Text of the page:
Well, there’s apparently one good thing Microsoft’s Windows is good at: running the software necessary to manufacture Apple’s Mac computers.
And the messenger of this information? Apple chief executive Tim Cook himself. On Thursday, Cook tweeted a photo of himself touring Apple’s Austin, Texas production line where the Apple Mac Pro is manufactured:
Watching the Mac Pro come together in Austin yesterday,thanks to a team loaded with American manufacturing expertise. pic.twitter.com/5LcCOFIVgC
The problem? Right behind Cook is an iMac—and it’s clearly running Windows.
Cook apparently didn’t notice his glitch. This could be a case of Twitter naivete, as Cook only has 64 tweets to his name, and he may not realize the full impact of his Twitter megaphone. His photos are favorited and retweeted thousands of times, but just a few people noticed the Windows issue. Those people, however, began commenting upon it.
“Made in America, with Microsoft Windows (look closely),” Steven Webster tweeted.
It wasn’t totally clear whether the PC in question was running Windows XP or Windows 7, although most commenters were leaning toward Windows XP. It also wasn’t clear what application it was running. It’s certainly possible that Windows was being used to run electronic design automation (EDA) software, or some other embedded analysis program that Apple’s developer base has passed over.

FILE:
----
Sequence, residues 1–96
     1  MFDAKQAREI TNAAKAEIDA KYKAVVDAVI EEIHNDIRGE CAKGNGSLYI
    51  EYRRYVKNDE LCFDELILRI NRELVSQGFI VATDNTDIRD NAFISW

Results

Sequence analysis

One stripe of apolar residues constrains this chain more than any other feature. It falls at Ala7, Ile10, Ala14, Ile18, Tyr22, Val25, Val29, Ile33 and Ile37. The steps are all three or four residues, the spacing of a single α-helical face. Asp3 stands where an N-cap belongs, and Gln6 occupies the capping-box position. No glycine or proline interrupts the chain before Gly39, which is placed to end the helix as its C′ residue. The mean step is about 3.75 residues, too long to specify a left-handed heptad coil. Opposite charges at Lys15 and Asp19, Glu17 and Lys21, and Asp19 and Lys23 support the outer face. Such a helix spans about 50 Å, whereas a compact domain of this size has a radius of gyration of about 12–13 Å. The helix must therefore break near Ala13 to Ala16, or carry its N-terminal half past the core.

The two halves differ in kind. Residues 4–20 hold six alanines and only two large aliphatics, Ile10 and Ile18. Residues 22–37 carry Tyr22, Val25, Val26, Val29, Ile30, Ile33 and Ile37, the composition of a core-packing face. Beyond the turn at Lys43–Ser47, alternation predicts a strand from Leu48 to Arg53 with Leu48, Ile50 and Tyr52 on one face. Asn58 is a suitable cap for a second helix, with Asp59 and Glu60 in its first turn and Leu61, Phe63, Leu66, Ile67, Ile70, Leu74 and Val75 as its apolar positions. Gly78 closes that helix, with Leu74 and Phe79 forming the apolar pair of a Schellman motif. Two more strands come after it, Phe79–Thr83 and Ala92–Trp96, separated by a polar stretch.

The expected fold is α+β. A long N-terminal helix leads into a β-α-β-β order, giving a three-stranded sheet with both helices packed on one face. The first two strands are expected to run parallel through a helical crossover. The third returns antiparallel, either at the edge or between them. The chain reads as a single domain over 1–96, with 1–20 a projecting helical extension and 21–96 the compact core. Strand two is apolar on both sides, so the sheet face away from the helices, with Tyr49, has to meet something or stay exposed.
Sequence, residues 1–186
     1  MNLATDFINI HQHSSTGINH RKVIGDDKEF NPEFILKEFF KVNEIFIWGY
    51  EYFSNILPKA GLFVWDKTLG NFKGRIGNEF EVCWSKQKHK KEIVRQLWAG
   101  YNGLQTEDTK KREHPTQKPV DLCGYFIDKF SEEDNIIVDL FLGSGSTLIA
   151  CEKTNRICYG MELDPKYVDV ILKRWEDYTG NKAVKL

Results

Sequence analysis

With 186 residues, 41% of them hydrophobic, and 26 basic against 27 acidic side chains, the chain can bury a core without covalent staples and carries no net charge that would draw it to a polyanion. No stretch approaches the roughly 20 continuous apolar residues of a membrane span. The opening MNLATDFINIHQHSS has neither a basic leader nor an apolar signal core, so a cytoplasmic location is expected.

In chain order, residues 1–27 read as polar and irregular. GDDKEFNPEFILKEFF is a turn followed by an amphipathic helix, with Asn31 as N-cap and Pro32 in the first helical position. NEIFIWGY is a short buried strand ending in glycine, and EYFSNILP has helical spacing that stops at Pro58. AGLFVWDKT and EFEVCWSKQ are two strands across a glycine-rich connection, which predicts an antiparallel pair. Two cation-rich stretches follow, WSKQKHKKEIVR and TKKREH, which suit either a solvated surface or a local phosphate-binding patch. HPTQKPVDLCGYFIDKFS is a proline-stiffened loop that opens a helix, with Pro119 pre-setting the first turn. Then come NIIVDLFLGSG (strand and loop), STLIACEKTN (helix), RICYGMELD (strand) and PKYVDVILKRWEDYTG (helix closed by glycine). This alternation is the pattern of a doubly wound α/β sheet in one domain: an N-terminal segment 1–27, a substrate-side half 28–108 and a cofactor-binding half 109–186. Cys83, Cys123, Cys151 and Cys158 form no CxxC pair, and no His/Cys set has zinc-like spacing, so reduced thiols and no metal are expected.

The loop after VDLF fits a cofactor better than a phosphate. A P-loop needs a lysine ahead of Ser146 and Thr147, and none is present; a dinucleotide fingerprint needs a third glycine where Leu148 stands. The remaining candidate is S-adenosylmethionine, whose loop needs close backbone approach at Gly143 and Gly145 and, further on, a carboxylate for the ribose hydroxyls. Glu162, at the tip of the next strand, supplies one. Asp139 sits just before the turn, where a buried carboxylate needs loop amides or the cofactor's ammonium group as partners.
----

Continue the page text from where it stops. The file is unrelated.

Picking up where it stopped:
What is clear, however, is that Apple’s airtight PR machine sprang a leak, and right from the very top. (This wouldn’t be the first time a high-tech exec committed a highly visible gaffe, and it won’t be the last.) Ironically, Cook himself took some potshots at Microsoft during the Apple’s WWDC speech, mocking Microsoft for poor customer adoption of Windows 8 relative to OS X Mavericks.
“This is the fastest adoption ever of any PC operating system in history,” Cook said of Mavericks.
Maybe so, but Apple’s assembly line could certainly use a copy.
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As PCWorld's senior editor, Mark focuses on Microsoft news and chip technology, among other beats. He has formerly written for PCMag, BYTE, Slashdot, eWEEK, and ReadWrite.